Things That Matter

It’s Time For Men To Step Up And Call Out Their Homies About Sexual Harassment And Assault

At first, I was apprehensive to write a piece about what’s going on in the Harvey Weinstein case, because this conversation is so important and we need to be listening to women. We need to all believe women.

But it is also a time to turn to your boys and speak to them, to change how we all act, treat and support ALL women. It’s also time that we stop putting the burden on women to address the issues that WE have often created. 

The women who have come out and spoken publicly against Weinstein are far from alone. Their voices are echoed by the experiences of our sisters, mothers and close friends, and, if you’re listening, women everywhere. Because, fam, it’s literally all women.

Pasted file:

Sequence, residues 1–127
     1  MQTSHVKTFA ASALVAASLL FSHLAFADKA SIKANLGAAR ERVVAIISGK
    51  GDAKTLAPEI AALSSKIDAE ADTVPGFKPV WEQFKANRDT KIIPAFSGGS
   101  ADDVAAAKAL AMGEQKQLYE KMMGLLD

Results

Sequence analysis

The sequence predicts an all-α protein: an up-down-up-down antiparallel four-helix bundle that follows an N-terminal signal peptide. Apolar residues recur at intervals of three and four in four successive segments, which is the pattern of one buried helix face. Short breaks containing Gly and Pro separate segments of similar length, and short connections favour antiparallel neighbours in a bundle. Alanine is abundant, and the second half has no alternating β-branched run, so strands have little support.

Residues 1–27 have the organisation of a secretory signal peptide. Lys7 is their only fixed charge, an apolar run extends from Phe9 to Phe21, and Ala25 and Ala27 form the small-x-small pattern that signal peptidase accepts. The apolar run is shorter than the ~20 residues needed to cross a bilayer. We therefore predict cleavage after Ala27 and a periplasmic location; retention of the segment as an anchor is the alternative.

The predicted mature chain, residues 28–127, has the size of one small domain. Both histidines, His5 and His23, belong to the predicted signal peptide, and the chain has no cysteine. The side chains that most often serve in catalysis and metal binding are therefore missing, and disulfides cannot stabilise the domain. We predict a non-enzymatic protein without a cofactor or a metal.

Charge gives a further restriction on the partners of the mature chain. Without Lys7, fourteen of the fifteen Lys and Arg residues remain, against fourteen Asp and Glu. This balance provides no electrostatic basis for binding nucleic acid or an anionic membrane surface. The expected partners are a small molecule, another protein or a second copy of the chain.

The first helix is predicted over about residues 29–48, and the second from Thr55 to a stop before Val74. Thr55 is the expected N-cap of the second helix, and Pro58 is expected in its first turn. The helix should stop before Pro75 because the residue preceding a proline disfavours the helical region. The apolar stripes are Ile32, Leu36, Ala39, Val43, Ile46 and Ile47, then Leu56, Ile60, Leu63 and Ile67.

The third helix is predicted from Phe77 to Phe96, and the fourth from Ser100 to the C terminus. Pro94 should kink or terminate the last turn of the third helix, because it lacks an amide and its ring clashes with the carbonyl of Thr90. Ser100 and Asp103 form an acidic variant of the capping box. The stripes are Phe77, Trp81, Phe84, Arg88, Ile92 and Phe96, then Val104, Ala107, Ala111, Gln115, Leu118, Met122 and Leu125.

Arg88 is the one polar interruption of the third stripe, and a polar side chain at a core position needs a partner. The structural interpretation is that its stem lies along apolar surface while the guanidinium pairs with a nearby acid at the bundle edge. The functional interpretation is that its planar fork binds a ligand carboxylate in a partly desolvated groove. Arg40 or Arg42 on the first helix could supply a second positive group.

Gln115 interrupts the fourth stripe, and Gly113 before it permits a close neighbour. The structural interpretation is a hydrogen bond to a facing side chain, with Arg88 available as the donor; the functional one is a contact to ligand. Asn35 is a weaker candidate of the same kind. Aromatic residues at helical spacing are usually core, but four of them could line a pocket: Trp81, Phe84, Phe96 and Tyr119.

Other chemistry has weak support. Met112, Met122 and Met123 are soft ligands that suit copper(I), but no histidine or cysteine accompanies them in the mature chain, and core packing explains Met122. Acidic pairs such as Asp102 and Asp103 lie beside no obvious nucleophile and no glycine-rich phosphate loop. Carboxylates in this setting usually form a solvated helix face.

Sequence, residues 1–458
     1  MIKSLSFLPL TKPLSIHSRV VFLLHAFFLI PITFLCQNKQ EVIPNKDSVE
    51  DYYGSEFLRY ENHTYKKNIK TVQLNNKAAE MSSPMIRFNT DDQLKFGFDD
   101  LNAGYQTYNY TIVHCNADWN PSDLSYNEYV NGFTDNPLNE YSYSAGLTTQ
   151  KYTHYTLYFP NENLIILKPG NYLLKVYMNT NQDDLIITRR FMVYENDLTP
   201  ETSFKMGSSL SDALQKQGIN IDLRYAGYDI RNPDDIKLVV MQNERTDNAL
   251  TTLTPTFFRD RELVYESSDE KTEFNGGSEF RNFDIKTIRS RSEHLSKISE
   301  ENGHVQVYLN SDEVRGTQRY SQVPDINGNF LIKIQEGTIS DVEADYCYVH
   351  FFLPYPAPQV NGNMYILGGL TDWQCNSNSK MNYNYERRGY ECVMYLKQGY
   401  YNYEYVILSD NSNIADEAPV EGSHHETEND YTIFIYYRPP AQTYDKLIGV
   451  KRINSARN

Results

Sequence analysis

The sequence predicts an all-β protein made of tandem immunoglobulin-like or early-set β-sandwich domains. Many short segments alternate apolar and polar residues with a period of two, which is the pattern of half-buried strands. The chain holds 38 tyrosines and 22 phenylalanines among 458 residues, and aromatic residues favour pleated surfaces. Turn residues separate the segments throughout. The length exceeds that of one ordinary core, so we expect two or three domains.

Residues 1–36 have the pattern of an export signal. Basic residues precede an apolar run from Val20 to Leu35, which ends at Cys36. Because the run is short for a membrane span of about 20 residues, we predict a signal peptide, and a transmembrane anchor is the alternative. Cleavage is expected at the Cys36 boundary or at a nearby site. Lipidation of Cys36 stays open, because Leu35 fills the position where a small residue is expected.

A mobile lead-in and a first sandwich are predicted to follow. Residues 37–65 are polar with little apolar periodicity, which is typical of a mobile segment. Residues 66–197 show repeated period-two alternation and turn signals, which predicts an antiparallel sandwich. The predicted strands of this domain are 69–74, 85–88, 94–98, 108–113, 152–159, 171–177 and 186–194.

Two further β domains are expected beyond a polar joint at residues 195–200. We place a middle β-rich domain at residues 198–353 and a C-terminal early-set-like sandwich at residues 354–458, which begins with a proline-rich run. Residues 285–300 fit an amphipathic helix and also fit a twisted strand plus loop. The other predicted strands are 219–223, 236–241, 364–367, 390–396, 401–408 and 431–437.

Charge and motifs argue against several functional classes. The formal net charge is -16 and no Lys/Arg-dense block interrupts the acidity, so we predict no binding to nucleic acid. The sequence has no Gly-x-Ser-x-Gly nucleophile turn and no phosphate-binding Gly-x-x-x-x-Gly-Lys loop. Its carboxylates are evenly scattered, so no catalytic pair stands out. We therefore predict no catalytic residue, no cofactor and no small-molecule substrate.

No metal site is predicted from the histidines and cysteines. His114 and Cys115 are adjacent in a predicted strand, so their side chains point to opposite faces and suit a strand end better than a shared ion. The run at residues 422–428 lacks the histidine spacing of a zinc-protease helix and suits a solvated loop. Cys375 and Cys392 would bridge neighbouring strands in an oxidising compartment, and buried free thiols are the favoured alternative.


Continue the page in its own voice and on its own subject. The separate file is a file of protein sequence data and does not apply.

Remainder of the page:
You do not need to know someone specifically, or be connected to them, to understand, empathize and protect their safety. Or to care.

If you open your ears and your hearts, there isn’t a woman that hasn’t felt the fear of walking home alone at night, or being scared to not speak out at school or work when a boss or coworker does something awful.

It’s time to stand up for victims of sexual harassment and assault. Let me say that again: It’s time to stand up for victims of sexual harassment and assault, and to end rape culture.  

As the huge majority of perpetrators of harassment and assault, it’s men who need to do the most work here, and the first step is to realize we are all part of the problem, whether or not you have engaged in harassment (you have) or assault.